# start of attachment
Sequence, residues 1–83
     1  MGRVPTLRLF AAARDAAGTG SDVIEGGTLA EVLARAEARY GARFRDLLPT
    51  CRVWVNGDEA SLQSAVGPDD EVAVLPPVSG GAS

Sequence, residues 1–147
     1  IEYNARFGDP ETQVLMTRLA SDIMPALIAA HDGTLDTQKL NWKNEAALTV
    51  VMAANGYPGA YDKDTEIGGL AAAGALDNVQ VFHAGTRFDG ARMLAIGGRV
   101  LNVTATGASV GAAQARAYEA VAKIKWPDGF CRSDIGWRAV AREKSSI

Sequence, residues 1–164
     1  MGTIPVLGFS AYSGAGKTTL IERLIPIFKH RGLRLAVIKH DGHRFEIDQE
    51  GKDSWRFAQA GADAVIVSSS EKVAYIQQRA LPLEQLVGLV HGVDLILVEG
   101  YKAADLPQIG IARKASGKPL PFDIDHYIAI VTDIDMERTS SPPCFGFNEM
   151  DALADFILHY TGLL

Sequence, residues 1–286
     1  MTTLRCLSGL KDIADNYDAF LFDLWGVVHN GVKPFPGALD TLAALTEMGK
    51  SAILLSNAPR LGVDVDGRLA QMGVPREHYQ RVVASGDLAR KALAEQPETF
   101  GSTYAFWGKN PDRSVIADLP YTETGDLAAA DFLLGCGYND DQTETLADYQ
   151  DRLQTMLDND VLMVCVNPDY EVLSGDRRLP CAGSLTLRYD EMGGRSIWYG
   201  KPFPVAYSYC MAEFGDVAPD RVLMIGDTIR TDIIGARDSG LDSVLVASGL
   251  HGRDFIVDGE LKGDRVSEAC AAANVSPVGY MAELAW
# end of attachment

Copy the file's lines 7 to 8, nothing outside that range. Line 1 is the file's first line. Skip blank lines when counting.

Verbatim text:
   101  LNVTATGASV GAAQARAYEA VAKIKWPDGF CRSDIGWRAV AREKSSI

Sequence, residues 1–164